24 April, 2018 24 April, 2018

Unmanned Rover to Study the Surf Zone

Carrying out scientific research in the ocean’s surf zone, as you can imagine, is rather difficult. Conventional methods conducted off boats or carried out through diving require perfect conditions and as surfers, we know the ocean can be rather stingie when it comes to offering those perfect days. Que the Surf Rover a remote-control tracked vehicle that explores the surf zone like an underwater tank. 

William Dally, an associate professor of civil engineering at the University of North Florida, come up with the idea years ago as a student when tasked with planting a set of data-gathering rods in the surf zone. Not surprisingly this proved pretty difficult as he was thrown around like a kook trying to surf a 6-foot swell. 

Years later Dally has secured a National Science Foundation grant to build an unmanned vehicle that could do the job for him, designed to take on challenges such as soft sand, steep slopes, high waves and strong currents. After making the prototype the team will now need to upscale their design. The surf Rover will weigh over 1300 kg and measure 4.9 by 6.7m meaning you will not want to run into this beast whilst out for a paddle.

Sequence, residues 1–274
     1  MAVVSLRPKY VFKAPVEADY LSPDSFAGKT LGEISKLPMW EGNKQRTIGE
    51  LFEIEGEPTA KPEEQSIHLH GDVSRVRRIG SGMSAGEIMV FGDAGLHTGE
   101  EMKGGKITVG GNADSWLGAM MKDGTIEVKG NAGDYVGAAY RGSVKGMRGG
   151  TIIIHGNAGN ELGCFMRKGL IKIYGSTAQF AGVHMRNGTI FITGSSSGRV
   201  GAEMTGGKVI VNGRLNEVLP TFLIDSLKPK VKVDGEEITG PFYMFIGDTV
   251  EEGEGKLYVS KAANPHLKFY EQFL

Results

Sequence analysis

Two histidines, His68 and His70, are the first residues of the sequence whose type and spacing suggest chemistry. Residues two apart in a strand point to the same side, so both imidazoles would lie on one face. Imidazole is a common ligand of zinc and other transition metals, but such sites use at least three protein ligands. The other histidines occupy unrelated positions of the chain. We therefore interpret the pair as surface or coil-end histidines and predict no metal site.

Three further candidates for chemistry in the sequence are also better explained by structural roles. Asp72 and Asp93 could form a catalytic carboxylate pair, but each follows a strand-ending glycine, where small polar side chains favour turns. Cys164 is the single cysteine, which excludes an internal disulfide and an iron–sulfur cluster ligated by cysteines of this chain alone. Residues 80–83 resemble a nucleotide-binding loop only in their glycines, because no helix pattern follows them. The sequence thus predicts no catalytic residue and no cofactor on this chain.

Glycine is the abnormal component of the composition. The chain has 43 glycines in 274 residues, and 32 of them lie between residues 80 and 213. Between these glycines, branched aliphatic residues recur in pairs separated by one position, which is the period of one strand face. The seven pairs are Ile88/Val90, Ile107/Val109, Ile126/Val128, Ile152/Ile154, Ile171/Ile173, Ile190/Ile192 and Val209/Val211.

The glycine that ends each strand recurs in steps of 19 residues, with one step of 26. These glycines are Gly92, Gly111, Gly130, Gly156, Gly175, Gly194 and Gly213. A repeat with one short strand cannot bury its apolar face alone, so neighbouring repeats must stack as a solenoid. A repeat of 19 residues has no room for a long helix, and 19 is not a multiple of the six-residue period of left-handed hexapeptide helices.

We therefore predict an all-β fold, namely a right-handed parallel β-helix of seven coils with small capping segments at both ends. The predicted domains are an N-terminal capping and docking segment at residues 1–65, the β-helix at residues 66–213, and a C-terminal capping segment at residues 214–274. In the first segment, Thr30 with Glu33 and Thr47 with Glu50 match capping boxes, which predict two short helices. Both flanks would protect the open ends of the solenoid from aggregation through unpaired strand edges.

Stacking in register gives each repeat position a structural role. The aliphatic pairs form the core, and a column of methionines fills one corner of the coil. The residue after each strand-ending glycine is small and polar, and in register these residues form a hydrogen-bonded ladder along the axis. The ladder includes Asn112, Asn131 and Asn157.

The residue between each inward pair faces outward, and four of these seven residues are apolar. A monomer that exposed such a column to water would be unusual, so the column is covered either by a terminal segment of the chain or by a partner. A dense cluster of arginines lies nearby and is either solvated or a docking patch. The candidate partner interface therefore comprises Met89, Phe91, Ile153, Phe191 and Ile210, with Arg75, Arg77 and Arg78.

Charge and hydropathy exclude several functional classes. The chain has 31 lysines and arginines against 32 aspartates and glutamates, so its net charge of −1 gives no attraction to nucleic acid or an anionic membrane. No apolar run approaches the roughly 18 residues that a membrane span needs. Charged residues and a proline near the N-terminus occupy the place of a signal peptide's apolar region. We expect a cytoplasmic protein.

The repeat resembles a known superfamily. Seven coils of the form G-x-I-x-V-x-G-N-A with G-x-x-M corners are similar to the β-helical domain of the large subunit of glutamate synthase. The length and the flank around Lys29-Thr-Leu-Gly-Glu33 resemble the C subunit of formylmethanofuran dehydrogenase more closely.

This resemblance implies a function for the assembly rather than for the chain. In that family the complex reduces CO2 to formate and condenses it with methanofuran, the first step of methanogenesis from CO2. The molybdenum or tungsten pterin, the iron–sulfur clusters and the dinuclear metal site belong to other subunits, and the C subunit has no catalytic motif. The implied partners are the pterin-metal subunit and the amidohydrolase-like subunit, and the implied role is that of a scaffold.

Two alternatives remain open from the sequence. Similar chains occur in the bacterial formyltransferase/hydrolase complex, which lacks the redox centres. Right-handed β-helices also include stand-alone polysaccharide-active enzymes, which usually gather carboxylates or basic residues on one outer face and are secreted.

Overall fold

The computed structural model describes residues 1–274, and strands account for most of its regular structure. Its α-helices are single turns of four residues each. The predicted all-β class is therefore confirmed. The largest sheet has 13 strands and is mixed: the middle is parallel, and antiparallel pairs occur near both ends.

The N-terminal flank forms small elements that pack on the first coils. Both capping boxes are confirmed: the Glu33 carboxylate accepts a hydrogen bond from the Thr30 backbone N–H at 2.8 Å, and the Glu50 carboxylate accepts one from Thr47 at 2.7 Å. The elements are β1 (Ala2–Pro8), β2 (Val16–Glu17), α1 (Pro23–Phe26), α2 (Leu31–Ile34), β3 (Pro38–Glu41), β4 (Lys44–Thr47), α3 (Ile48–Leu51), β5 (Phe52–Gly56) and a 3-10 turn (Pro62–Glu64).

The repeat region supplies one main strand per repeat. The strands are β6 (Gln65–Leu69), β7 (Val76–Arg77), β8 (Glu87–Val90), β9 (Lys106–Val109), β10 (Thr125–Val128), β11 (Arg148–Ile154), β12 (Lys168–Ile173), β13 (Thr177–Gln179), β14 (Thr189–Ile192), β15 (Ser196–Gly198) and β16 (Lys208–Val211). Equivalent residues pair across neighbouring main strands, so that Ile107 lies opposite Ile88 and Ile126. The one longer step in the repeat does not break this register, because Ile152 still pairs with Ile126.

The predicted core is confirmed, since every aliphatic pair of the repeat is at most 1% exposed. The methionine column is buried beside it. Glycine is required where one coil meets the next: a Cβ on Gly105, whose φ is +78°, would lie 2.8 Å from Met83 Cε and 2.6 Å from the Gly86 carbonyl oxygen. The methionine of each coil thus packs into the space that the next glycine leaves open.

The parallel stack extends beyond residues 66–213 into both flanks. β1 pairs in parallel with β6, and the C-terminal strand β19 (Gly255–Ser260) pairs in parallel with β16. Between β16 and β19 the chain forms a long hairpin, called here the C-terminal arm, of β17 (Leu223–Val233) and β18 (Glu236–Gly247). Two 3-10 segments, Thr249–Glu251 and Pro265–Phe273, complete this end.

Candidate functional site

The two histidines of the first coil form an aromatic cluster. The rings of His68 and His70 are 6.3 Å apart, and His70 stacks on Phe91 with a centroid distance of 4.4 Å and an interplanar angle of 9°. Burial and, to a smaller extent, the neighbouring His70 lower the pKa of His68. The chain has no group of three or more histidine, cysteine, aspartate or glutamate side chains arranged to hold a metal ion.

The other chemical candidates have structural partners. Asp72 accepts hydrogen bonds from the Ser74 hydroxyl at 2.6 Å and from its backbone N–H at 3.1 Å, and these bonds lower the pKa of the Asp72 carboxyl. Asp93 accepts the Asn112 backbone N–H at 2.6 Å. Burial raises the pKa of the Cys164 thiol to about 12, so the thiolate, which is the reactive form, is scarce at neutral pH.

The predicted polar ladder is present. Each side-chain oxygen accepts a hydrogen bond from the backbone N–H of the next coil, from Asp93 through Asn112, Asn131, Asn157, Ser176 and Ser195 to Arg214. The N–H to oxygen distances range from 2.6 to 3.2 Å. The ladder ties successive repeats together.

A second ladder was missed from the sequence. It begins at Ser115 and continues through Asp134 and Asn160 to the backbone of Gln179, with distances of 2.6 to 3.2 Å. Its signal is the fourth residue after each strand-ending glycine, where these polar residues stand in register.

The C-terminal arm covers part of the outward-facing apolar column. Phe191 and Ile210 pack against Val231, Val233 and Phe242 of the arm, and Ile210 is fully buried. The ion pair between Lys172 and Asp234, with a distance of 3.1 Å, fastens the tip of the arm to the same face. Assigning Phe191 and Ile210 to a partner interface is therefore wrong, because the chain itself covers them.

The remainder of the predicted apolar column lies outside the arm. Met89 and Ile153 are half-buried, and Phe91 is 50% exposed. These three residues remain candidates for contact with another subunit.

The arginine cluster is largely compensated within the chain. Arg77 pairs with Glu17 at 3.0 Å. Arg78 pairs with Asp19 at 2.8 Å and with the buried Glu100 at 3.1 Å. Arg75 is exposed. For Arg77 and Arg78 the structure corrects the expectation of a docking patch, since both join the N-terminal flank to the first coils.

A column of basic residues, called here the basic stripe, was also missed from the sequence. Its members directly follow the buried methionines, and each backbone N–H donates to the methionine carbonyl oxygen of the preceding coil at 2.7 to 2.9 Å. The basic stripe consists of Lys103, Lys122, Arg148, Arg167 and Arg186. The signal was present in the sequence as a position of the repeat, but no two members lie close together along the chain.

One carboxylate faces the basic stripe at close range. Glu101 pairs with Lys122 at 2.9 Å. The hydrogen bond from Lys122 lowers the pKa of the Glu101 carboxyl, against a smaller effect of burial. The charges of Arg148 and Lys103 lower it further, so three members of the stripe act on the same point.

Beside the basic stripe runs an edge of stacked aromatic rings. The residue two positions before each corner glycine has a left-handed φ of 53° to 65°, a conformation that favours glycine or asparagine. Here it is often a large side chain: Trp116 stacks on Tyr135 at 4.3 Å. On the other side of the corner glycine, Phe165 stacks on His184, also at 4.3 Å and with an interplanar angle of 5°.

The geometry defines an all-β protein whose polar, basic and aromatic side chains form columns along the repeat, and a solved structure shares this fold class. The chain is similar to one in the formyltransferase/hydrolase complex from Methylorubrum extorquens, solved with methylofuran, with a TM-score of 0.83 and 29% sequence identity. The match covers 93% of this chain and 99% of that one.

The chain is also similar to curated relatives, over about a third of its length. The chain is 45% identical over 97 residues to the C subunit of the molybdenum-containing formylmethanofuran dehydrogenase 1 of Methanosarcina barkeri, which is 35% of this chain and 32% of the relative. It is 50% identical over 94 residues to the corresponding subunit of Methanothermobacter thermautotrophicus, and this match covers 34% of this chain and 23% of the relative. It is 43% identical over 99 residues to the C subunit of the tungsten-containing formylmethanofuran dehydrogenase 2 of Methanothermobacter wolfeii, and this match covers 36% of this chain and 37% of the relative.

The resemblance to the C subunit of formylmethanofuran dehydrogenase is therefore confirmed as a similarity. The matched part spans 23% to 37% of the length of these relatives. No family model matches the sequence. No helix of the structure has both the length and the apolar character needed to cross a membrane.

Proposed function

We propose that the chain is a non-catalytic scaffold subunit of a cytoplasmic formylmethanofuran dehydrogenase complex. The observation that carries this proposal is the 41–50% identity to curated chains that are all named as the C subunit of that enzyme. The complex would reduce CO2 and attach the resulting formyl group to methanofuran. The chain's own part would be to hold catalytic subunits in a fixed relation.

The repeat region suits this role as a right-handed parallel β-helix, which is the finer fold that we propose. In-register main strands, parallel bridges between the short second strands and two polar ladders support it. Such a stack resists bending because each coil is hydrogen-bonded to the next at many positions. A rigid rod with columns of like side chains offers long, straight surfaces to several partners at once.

“Its primary job will be near-shore surveying, determining how the beach changes during storms and what happens to the sand eroded from the beach,” says Dally. “But there may also be a demand in the hydrographic surveying industry, which no longer uses swimmers to go out in the water or boats to come close to shore due to recent accidents … It’s amazing to me that we have vehicles roving surfaces out in space, but we have nothing to help us routinely collect data and make observations in the surf zone on Earth.”

It doesn’t take much imagination to see how this could be of interest to surfers, perhaps we could even better the design. 


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